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Post-cardiac Arrest Management

  • Cindy H. HsuEmail author
  • Robert W. Neumar
Chapter
  • 5 Downloads

Abstract

This chapter will review the elements of cardiac arrest resuscitation that begin after return of spontaneous circulation (ROSC). In-hospital mortality of patients who achieve ROSC long enough to be admitted to an intensive care unit (ICU) averages 60% with wide inter-institutional variability (40–80%) (Carr et al., Resuscitation 80:30–34, 2009; Straney et al., Crit Care Resusc 16:104–111, 2014; Nolan et al., Crit Care 20:219, 2016). The pathophysiology of post-cardiac arrest syndrome (PCAS) is composed of four major components: post-cardiac arrest brain injury, post-cardiac arrest myocardial dysfunction, systemic ischemia/reperfusion response, and persistent precipitating pathology (Neumar et al., Circulation 118:2452–2483, 2008). It is important to recognize that each component is potentially reversible and responsive to therapy. A comprehensive multidisciplinary management strategy that addresses all components of PCAS is critical to achieve optimal patient outcome. In addition, a reliable multimodal strategy to prognosticate neurologic outcome in comatose patients is essential to prevent premature cessation of care and enable appropriate resource utilization (Callaway et al., Circulation 132:S465–S482, 2015).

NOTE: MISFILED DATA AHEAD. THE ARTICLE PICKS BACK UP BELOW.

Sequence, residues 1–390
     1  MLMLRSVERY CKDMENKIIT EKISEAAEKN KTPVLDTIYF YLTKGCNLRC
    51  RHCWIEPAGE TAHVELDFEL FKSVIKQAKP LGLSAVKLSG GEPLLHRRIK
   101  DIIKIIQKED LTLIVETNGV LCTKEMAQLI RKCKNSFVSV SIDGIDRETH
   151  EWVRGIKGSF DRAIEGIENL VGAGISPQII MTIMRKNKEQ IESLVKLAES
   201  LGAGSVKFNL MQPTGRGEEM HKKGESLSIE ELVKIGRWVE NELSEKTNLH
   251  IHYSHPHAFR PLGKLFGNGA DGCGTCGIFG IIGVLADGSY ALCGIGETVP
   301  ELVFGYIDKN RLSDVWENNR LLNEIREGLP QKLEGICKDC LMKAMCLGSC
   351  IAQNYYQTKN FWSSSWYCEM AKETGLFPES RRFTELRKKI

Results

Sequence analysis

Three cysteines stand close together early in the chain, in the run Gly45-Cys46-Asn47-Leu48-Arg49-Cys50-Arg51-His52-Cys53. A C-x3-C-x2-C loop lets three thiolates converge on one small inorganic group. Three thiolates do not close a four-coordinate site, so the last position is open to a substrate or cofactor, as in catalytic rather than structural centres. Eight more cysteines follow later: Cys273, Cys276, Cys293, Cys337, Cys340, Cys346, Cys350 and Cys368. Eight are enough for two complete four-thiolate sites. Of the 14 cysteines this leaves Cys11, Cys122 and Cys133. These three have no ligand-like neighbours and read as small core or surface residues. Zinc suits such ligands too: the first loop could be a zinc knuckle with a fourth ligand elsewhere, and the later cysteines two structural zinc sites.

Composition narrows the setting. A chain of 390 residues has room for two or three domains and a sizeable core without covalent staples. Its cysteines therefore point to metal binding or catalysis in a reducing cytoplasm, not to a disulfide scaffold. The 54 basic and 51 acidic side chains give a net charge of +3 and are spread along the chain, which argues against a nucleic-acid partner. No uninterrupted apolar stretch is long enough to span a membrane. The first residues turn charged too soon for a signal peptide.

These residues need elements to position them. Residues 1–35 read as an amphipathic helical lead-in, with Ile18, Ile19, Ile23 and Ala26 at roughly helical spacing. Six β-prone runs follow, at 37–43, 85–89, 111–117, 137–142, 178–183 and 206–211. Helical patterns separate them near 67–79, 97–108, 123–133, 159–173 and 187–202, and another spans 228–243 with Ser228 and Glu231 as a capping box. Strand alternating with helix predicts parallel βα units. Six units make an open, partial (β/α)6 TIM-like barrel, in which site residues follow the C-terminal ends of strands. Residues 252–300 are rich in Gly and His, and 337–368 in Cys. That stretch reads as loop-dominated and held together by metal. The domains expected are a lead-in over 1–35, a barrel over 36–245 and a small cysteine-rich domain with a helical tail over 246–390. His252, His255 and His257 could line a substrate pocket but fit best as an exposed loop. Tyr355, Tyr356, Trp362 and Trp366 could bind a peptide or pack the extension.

Keywords

Cardiac arrest Post-cardiac arrest syndrome Hypothermic targeted temperature management Percutaneous coronary intervention Cardiogenic shock Goal-directed resuscitation Neuroprognostication 

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© Springer Nature Switzerland AG 2020

Authors and Affiliations

  1. 1.Department of Emergency MedicineUniversity of Michigan Medical SchoolAnn ArborUSA
  2. 2.Department of SurgeryUniversity of Michigan Medical SchoolAnn ArborUSA
  3. 3.Michigan Center for Integrative Research in Critical CareUniversity of Michigan Medical SchoolAnn ArborUSA

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